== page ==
If its a salary something along the lines of "standard working hours will be ..... to ...... however, as needs of the business arise hours may be required outwith the normal working hours and will incur no additional compensation" Something I sadly have in my contract so no matter if I work 40 hours a week or 60 hours a week I make the same money.
 

rousetafarian

Moderator
IIRC a contract of employment has to be, by law offered within 14 days of starting any job.
 

rousetafarian

Moderator
Edit 2 months Acas - Contracts of employment

My point is, for the sake of the duration of the training period (and if it is what they want to passionately do) then a few days unpaid training is acceptable.
 

Graham27

Well-known Member
This sort of thing is fairly common. As has been mentioned, some employers charge for training.

My missus is expected to 'add strings to her bow' by learning skills which will help her directly in work. She recently did a counselling course which was 10 evenings of her time and £350 out of her pocket.

If I was faced with the same thing I'd happily go along with it.
 

alan280170

Distinguished Member
I believe now, you should get paid, if they are giving her 3 days training, surely the minimum would be her expenses (travel and lunch).
 

nheather

Distinguished Member
Firstly we don't what the terms of the offer are - until we do we can't really comment.

Secondly, it is all very well being opinionated at your PC screens but would you actually do in her position.

1 - tell them to stuff the job
2 - demand payment otherwise she is going to ACAS
3 - tell them she is going to report them to the authorities

Any of those may leave her on the moral high ground but they will also leave her unemployed.

We all agree that she should get paid if her offer says she has started working for them on the first day of training.

Another example, my daughter has been a member of the Royal Life Saving Society for main years and has loads of their certificates. She wants to get a part time job as a life guard at the local leisure centre. They don't recognise the RLSS qualifications and insist on my daughter attending and passing one of their courses before she can even be considered for a job with them. So even though she is more highly qualified, she must do their basic course at a cost of £230. But there is no way around it, there is no arguing sense, she must pay up, do the course because without it they won't even interview her.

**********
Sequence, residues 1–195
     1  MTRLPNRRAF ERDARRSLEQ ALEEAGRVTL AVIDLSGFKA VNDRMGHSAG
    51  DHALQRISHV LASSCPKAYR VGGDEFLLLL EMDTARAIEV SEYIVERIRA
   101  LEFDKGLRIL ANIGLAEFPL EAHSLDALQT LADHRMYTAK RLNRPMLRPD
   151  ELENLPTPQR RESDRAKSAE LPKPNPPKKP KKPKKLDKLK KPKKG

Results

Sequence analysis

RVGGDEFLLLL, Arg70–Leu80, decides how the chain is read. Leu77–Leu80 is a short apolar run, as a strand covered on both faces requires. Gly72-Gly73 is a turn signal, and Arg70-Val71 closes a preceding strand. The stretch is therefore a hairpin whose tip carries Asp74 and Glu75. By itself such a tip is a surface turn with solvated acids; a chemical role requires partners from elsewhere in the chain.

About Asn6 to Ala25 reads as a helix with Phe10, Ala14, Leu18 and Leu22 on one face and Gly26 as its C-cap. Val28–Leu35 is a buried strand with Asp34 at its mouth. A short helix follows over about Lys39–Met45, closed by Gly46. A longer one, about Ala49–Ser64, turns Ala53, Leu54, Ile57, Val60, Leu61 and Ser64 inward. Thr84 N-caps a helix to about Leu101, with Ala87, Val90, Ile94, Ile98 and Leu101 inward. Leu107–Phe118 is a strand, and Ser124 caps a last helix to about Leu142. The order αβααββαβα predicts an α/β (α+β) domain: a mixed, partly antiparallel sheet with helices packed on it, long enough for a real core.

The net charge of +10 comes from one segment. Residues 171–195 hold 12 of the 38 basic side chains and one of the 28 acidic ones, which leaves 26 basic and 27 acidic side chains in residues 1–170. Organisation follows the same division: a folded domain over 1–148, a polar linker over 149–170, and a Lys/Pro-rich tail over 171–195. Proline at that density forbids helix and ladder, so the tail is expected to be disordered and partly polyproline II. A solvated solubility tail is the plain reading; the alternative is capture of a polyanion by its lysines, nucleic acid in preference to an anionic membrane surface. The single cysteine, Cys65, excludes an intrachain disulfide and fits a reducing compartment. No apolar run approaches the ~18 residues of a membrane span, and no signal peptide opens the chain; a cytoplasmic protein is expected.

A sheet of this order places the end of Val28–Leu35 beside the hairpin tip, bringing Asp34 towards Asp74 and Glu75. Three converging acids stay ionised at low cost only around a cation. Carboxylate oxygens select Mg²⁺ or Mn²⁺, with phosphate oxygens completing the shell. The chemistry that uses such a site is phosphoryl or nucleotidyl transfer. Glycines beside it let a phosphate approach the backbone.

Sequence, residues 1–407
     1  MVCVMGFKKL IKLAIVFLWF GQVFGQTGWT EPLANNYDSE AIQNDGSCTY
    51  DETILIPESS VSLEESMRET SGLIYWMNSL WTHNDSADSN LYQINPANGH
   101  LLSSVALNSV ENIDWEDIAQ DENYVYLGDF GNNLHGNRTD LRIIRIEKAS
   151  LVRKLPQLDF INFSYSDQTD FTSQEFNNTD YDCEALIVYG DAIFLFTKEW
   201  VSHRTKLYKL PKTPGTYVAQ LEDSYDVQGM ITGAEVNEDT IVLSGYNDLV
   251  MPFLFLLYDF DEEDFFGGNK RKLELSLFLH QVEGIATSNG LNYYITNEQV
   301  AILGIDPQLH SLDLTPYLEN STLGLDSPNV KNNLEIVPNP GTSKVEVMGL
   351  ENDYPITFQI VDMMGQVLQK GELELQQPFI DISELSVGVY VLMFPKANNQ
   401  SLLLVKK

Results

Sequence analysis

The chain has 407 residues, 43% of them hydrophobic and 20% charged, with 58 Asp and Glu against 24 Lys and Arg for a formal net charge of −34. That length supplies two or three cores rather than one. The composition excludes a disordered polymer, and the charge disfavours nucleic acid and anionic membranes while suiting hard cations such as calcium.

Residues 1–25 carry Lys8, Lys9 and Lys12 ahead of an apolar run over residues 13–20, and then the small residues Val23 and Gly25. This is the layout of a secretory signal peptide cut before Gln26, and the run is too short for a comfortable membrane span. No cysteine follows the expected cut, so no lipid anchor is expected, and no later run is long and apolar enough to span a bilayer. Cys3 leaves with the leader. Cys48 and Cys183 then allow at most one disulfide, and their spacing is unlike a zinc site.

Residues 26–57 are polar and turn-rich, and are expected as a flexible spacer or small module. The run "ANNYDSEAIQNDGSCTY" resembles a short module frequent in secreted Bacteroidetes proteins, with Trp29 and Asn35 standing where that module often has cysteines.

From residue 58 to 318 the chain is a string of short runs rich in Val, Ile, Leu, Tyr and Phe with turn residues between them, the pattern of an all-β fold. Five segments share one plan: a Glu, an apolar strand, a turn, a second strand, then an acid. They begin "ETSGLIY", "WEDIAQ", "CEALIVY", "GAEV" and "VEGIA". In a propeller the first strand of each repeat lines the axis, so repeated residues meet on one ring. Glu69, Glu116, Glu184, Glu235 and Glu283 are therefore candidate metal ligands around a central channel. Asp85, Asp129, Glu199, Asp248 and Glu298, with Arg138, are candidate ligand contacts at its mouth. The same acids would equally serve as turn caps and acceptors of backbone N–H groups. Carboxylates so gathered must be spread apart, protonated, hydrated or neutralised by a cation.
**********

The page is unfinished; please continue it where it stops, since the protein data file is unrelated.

Cheers,

Nigel
 

NewfieDrool

Banned
The trouble with care work is that for most the pay is very low, long hours, hard work and when I did it very stressful.
The companies play on your good will, and yes they do get extra out of people as the majority do it as they genuinely care about people and want to make a difference.
The system needs a kick up the backside big time, the carers work hard but the system fails and wages should reflect what's done. None of this crap chasing a bag of wind for thousands of pounds.
What I could never work out is why on earth they pay employees low wages yet have to employ agency staff which cost around 3 times as much to fill the gaps. I've worked on nursing units where 16 residents have 4 carers and a nurse and I've been the only regular working on the unit, in fact after my induction of 21 hours my first shift I was with just agency and they say you are the leader. Bloody crazy!
If people knew what goes on and genuinely cared there would be an outcry.
I'm not one to sit and take rubbish from employers, I've had a tribunal with one company that I spent 13 years at and I approached the management at the care home about quality of care who then turned round and suggested I needed counselling as I had questioned the care given.
There are a lot of good carers paid peanuts but until people get some balls in this country the same old thing is going to happen.
 

RBZ5416

Distinguished Member